In this tweet, Dan explains how server-side rendering will work in the future with just componentDidMount:

Let’s go on to demystify both of the newly created methods: getDerivedStateFromProps and getSnapshotBeforeUpdate

getDerivedStateFromProps

This method is static and handles what componentWillReceiveProps was able go do along with componentDidUpdate. It was created to be a safer replacement for componentWillReceiveProps. It is called after a component is created and also called when it receives a new prop.

static getDerivedStateFromProps(nextProps, prevState) {
// ...
}

getderivedStateFromProps returns an object to update state in response to prop changes. To indicate no change to state it returns null. React may call this method even if the props have not changed.

getSnapshotBeforeUpdate

This method is called just before the DOM is updated, it handles what componentWillUpdate was able to go along with componentDidUpdate. The value that is returned from getSnapshotBeforeUpdate after the DOM is updated is passed on to componentDidUpdate.

getSnapshotBeforeUpdate(prevProps, prevState) {
// ...
}

A good use case for getSnapshotBeforeUpdate is resizing the window of an app during async rendering.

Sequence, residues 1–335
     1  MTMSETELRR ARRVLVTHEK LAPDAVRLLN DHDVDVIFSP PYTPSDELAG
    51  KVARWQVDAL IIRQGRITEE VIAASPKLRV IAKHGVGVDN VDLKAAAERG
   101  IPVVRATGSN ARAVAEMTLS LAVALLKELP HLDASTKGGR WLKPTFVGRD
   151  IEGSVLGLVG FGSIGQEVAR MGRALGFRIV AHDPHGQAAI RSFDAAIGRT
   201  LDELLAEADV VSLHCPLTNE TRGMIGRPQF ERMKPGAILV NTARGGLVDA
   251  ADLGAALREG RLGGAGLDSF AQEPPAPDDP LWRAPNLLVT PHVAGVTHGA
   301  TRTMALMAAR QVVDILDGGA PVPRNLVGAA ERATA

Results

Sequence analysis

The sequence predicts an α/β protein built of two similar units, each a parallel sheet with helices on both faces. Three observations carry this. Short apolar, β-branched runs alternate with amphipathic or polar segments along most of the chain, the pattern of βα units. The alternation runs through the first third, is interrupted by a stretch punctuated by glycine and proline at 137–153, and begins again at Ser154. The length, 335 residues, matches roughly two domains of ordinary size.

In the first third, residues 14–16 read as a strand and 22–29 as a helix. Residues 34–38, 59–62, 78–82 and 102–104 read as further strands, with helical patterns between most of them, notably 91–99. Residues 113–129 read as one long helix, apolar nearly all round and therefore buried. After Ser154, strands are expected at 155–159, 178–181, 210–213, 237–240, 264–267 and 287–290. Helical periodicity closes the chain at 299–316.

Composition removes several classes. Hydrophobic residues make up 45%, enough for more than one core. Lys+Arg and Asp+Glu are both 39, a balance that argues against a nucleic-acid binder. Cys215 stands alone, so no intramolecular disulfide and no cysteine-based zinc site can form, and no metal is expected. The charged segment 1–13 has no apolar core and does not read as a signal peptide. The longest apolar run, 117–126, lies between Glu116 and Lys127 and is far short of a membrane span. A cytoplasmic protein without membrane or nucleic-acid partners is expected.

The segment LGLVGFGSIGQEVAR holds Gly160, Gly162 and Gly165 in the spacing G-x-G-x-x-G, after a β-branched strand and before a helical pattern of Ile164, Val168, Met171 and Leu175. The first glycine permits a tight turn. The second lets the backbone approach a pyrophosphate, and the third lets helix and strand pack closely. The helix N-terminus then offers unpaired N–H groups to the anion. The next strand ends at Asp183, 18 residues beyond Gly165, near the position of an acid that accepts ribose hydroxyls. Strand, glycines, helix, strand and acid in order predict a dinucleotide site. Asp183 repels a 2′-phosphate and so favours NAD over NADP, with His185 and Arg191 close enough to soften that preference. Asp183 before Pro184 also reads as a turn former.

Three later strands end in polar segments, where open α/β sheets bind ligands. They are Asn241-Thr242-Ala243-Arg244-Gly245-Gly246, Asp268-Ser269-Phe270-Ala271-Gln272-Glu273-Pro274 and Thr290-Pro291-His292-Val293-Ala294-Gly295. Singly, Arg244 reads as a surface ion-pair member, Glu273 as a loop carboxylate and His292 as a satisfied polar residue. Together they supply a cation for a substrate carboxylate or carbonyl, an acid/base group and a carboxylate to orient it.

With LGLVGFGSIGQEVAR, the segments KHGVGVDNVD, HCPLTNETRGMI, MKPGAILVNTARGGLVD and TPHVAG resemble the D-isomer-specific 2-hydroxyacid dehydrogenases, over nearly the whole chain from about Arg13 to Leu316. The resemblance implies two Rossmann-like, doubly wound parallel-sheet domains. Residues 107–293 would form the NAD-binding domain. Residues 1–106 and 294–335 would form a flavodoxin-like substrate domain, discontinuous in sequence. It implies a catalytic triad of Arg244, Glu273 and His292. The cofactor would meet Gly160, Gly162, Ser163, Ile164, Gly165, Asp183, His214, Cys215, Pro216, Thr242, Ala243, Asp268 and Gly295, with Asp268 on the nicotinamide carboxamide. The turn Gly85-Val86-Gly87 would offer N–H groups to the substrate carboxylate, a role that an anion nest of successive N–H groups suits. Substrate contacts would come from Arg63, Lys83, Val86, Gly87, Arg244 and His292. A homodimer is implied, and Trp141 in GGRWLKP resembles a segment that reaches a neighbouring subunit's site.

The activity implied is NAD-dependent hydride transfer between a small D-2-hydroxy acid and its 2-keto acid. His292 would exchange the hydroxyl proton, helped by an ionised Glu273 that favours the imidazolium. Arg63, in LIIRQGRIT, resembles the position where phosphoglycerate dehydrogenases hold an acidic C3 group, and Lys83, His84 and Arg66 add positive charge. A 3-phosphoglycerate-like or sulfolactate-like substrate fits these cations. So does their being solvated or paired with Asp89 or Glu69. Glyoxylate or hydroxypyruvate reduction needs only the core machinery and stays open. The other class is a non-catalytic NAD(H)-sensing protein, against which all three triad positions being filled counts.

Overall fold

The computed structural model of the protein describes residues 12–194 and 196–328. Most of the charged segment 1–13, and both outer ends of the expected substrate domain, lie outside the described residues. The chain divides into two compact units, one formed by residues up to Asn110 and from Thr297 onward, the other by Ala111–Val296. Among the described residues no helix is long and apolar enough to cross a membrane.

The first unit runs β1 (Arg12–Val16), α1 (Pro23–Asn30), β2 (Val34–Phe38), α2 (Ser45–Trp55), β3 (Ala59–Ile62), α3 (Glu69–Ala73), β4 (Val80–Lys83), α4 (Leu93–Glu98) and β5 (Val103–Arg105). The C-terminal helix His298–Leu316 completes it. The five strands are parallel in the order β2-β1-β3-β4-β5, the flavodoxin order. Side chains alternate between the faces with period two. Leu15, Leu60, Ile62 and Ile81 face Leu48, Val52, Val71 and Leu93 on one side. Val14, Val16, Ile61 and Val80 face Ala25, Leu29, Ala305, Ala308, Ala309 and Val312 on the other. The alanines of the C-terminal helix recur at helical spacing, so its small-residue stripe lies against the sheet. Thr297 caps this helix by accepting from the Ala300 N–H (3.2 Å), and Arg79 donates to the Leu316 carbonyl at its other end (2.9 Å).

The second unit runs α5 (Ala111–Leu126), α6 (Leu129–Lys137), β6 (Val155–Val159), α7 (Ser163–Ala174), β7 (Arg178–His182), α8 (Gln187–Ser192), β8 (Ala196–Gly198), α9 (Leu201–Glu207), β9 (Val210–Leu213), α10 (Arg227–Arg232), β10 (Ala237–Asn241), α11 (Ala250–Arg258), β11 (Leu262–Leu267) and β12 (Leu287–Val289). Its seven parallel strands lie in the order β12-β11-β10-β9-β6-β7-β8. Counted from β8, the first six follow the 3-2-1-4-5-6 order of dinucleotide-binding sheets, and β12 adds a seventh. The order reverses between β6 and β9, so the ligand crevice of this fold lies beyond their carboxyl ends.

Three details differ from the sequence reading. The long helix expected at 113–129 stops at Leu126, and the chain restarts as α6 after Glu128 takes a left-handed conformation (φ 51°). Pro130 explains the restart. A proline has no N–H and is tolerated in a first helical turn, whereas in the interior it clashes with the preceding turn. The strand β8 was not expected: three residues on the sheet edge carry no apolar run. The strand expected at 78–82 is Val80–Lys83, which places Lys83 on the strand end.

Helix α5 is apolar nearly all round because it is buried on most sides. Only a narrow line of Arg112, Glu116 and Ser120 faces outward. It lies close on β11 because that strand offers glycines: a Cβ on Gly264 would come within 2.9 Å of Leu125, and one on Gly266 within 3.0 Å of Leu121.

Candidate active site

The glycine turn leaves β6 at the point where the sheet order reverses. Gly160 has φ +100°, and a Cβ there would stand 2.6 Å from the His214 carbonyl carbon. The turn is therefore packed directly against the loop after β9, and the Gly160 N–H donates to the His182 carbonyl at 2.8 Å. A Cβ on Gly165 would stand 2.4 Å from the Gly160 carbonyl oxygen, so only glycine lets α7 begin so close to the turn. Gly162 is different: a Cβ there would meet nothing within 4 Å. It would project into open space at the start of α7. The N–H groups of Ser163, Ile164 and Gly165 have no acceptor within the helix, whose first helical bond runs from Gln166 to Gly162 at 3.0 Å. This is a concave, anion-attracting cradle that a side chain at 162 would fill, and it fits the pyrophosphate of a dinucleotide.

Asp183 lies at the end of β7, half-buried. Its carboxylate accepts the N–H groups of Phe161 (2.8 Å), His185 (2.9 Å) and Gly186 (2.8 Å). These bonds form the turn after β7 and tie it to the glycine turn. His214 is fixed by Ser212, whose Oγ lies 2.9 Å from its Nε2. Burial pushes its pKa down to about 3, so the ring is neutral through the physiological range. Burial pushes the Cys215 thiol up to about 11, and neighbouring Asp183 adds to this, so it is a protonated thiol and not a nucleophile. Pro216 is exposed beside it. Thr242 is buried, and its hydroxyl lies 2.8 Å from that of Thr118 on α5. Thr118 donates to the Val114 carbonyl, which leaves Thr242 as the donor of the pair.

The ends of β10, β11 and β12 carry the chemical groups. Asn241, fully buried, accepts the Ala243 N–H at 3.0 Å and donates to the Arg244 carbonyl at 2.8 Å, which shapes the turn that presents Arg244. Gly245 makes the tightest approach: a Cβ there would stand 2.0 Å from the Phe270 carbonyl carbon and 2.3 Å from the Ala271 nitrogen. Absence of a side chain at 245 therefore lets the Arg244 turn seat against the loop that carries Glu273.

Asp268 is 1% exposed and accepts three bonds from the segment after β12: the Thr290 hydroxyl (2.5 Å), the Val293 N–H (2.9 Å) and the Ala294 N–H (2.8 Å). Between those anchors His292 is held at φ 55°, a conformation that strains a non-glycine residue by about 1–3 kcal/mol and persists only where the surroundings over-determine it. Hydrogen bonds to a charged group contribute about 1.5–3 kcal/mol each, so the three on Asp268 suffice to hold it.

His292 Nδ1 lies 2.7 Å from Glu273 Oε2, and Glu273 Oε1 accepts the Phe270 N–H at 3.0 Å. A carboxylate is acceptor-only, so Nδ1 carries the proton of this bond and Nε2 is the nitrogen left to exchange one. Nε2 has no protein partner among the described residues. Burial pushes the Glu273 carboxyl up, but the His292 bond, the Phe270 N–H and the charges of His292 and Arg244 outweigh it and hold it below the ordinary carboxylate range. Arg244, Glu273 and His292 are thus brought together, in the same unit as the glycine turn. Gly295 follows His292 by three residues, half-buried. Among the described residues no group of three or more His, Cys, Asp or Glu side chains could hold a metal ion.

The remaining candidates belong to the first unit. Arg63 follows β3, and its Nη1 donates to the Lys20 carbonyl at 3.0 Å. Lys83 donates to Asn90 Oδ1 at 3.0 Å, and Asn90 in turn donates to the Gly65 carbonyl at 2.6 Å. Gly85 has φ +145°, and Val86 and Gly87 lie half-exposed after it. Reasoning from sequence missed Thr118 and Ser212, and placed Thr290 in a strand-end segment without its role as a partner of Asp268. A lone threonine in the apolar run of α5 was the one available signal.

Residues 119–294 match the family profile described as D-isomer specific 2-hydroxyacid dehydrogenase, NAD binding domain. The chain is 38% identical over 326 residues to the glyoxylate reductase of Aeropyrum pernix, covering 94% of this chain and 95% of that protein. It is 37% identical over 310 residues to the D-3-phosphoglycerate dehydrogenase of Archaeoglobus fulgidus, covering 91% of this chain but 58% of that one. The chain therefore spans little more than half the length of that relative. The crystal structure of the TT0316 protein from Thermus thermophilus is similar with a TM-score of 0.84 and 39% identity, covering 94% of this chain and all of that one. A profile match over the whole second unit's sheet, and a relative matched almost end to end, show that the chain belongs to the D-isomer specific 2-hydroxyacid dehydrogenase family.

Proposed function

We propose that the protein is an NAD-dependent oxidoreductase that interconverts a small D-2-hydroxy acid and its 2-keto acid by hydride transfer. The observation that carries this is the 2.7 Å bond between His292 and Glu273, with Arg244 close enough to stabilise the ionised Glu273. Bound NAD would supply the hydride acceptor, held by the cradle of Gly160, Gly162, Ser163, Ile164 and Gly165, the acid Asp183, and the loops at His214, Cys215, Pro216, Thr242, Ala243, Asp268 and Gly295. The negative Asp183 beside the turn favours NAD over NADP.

Summary

Time Slice handles all our difficult CPU scheduling tasks under the hood without any considerations. Suspense enables us to manage multiple states by delaying the rendering of content for a few seconds until the entire component tree is ready while keeping the previous view intact. Here’s a short reiteration of the points noted by Dan at JSConf 2018:



I recommend that you watch Dan’s full presentation at JSConf 2018 where he gave further details of the reasons behind what’s new in React 17.

Raphael

Raphael Ugwu

Blog Author
A software developer, taking my time to learn what I can and make an impact, one step at a time. JavaScript is where the heart lies.
Website : https://github.com/fullstackmafia

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sunil

16 November 2018 at 4:07pm
I absolutely love your blog and find the majority of your post's to be exactly what I'm looking for

Monte

January, 28th at 3:32pm
Great explanation! Easy to follow and detailed! Thanks